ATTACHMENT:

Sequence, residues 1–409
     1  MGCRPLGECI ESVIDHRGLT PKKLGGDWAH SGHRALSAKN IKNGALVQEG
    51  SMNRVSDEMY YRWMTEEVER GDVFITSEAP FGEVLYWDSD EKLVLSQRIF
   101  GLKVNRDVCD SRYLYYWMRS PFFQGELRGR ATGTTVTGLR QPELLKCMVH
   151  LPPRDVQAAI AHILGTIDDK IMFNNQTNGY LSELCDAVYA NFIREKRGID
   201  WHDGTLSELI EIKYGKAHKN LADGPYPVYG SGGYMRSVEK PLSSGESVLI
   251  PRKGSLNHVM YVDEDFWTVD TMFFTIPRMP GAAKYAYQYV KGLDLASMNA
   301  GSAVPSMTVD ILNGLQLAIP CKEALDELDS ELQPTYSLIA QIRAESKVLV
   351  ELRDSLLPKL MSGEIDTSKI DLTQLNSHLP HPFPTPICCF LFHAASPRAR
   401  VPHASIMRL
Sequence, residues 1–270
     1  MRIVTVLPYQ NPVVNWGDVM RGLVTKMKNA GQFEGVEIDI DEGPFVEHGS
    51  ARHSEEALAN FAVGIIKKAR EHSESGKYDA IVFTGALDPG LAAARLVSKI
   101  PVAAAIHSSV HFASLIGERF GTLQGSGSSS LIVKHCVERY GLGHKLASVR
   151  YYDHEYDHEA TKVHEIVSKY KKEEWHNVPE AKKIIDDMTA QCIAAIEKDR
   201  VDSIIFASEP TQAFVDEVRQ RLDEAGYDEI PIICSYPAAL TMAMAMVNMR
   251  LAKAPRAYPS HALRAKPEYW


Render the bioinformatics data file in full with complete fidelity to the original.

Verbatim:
Sequence, residues 1–409
     1  MGCRPLGECI ESVIDHRGLT PKKLGGDWAH SGHRALSAKN IKNGALVQEG
    51  SMNRVSDEMY YRWMTEEVER GDVFITSEAP FGEVLYWDSD EKLVLSQRIF
   101  GLKVNRDVCD SRYLYYWMRS PFFQGELRGR ATGTTVTGLR QPELLKCMVH
   151  LPPRDVQAAI AHILGTIDDK IMFNNQTNGY LSELCDAVYA NFIREKRGID
   201  WHDGTLSELI EIKYGKAHKN LADGPYPVYG SGGYMRSVEK PLSSGESVLI
   251  PRKGSLNHVM YVDEDFWTVD TMFFTIPRMP GAAKYAYQYV KGLDLASMNA
   301  GSAVPSMTVD ILNGLQLAIP CKEALDELDS ELQPTYSLIA QIRAESKVLV
   351  ELRDSLLPKL MSGEIDTSKI DLTQLNSHLP HPFPTPICCF LFHAASPRAR
   401  VPHASIMRL
Sequence, residues 1–270
     1  MRIVTVLPYQ NPVVNWGDVM RGLVTKMKNA GQFEGVEIDI DEGPFVEHGS
    51  ARHSEEALAN FAVGIIKKAR EHSESGKYDA IVFTGALDPG LAAARLVSKI
   101  PVAAAIHSSV HFASLIGERF GTLQGSGSSS LIVKHCVERY GLGHKLASVR
   151  YYDHEYDHEA TKVHEIVSKY KKEEWHNVPE AKKIIDDMTA QCIAAIEKDR
   201  VDSIIFASEP TQAFVDEVRQ RLDEAGYDEI PIICSYPAAL TMAMAMVNMR
   251  LAKAPRAYPS HALRAKPEYW